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Re: Proposed mobile techniques for SC 3.2

From: Alastair Campbell <acampbell@nomensa.com>
Date: Thu, 16 Apr 2015 09:36:26 +0100
To: Gregg Vanderheiden <gregg@raisingthefloor.org>
CC: GLWAI Guidelines WG org <w3c-wai-gl@w3.org>
Message-ID: <D1552E6D.23646%acampbell@nomensa.com>
Gregg wrote:
"Of course these minimum guidelines are not used for their keyboards.”

True, but they have some pretty good algorithms for working out which key you meant to press, automated correction or word suggestion  and in some cases alternative keyboards or voice input.

"It still seems strange to me that we are suggesting that interfaces should be at least 9mm to accommodate people with physical disabilities….. "

Circling back to the original question (which I see has been updated already [1]), in a web context I think you could specify 44px x 44px (in CSS pixels, not device pixels), but I admit that needs some testing.

Perhaps a line could be added underneath the best-practices to say something like “For web content on mobile devices 9mm is approximately 44px in CSS units.” It is not practical for a web developer to know the sizing of 9mm across devices, and often triggers the kind of discussion we’ve just had!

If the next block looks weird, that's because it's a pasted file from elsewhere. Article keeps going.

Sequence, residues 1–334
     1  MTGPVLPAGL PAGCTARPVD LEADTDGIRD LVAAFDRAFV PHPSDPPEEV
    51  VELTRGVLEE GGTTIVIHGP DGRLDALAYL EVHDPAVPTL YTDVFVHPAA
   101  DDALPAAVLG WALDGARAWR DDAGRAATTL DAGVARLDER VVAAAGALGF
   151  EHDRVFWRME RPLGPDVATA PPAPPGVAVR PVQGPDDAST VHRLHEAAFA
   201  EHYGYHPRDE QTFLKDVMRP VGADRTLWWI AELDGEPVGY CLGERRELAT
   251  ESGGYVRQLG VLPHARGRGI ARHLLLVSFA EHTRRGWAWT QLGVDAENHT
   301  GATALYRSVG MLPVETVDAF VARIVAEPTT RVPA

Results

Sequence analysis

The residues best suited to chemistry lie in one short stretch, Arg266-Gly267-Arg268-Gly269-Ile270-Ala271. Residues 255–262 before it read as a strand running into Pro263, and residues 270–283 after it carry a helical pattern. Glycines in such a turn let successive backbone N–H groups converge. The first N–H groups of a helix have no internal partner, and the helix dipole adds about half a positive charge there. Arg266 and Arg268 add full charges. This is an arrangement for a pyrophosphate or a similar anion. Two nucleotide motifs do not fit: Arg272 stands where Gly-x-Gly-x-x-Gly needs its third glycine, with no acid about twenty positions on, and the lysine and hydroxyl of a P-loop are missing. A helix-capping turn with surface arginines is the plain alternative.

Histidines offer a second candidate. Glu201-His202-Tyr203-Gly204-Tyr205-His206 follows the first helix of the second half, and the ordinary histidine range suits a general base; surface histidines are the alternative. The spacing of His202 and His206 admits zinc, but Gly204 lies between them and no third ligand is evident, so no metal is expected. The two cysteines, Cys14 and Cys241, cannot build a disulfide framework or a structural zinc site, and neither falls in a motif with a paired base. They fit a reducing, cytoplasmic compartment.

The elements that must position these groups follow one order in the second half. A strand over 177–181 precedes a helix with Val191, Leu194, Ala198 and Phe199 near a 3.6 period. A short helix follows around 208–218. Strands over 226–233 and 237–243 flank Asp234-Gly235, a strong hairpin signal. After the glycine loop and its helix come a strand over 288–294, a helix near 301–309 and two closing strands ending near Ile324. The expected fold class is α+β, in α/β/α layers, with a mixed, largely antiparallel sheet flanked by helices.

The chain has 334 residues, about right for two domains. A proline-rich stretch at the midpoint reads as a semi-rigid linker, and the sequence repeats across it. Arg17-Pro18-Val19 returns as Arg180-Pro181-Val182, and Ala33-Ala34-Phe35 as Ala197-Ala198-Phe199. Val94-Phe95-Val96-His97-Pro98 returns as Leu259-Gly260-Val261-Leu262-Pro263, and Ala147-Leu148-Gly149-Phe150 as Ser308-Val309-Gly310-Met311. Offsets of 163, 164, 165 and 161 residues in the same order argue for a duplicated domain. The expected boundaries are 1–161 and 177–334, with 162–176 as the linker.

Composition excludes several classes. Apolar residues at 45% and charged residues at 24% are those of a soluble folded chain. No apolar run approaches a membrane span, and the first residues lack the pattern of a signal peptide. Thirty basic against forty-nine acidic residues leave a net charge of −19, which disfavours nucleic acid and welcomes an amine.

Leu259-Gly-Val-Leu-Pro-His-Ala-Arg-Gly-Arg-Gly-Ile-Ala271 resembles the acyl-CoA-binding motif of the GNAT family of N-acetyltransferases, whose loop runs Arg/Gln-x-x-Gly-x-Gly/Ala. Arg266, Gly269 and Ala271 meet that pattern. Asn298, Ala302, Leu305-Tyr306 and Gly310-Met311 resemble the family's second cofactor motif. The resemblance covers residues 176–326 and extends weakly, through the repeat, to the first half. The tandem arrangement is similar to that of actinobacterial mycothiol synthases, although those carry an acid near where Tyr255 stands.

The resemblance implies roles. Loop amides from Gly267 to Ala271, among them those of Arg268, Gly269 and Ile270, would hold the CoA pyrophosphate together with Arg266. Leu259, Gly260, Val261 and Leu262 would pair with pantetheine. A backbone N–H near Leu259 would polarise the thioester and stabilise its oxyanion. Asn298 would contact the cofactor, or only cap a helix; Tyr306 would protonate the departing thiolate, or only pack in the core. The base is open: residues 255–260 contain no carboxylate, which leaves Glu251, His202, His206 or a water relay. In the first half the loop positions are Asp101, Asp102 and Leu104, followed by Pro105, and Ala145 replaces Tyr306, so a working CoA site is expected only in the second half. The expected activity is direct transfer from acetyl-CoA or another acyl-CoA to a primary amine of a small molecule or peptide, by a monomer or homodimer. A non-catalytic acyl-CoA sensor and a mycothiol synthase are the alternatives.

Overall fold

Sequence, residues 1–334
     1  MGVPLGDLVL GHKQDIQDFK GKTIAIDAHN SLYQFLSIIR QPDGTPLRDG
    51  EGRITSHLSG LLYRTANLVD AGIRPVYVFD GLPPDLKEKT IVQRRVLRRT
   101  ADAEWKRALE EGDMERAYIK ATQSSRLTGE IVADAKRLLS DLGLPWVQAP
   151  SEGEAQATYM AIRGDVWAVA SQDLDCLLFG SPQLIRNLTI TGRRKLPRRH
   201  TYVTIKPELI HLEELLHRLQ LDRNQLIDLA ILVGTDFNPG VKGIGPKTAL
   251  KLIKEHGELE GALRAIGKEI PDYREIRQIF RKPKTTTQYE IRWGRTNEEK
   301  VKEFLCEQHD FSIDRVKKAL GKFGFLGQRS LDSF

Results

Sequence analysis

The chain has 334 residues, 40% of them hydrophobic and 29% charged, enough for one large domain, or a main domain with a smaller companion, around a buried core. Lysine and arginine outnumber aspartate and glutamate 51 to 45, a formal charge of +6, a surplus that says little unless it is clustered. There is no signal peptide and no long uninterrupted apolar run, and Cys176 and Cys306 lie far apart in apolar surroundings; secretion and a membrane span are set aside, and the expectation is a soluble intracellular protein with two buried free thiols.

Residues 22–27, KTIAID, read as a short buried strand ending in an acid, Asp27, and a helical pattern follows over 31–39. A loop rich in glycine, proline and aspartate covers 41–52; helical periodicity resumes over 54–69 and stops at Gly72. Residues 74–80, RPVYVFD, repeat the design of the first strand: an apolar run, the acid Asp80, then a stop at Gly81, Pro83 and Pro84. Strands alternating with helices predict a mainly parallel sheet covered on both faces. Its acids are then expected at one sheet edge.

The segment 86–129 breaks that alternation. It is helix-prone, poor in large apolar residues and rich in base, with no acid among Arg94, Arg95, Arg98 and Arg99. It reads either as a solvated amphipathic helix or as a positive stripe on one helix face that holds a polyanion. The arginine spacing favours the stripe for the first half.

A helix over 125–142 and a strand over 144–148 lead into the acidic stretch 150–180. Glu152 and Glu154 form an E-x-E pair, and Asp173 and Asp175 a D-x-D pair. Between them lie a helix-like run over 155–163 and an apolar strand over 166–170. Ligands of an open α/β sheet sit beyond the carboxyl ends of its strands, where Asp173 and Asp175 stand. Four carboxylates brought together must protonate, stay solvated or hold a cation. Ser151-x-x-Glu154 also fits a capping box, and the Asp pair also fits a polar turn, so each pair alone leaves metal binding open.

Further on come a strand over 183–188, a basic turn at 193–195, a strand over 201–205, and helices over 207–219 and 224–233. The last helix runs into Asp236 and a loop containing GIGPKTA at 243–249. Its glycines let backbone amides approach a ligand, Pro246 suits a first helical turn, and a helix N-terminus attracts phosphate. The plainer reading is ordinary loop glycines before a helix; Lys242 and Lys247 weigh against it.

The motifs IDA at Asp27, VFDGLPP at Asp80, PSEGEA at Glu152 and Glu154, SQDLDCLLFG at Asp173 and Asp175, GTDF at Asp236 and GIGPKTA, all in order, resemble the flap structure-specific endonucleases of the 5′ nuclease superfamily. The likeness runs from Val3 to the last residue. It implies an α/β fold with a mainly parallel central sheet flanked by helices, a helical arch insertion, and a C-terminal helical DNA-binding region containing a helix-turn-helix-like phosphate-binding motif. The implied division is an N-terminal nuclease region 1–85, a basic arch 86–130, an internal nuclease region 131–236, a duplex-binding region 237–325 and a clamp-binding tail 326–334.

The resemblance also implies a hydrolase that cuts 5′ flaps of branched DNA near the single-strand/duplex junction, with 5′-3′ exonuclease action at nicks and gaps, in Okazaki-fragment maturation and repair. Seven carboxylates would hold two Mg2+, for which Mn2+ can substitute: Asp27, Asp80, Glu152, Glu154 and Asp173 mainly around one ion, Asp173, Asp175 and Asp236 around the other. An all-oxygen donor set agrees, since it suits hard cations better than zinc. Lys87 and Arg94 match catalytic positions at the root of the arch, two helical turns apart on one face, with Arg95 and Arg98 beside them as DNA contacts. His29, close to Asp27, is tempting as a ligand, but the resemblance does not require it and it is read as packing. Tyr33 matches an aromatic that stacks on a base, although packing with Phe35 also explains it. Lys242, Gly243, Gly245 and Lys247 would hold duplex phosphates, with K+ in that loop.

If you meant that it is odd we specify a size for people with disabilities that is the same as the general population, then I would perhaps phrase the size point as:
"Ensuring that touch targets are at least the size specified in the mobile platform guidelines."

Then explain that the platform guidelines generally specify 9mm high by 9mm wide, which translates to 44px by 44px.

In the context of a browser, they have already had to make the decision about how big is big enough, and that is the size of pixels.

I’m still not convinced about second best practice:
"Ensuring that touch targets close to the minimum size are surrounded by a small amount of inactive space."

Although it is technically true, the times where it matters are when you have navigation bars or buttons that are visually together.

If you have two buttons that are visually next to each other with no gap, should the developer shrink the size of the hit area so it is less than the visual appearance?

I think that would be counter productive. If the user touches the interface and nothing happens because they went in the gap, that is probably worse than the UI guessing which option they meant.

Kind regards,


Received on Thursday, 16 April 2015 08:36:53 UTC

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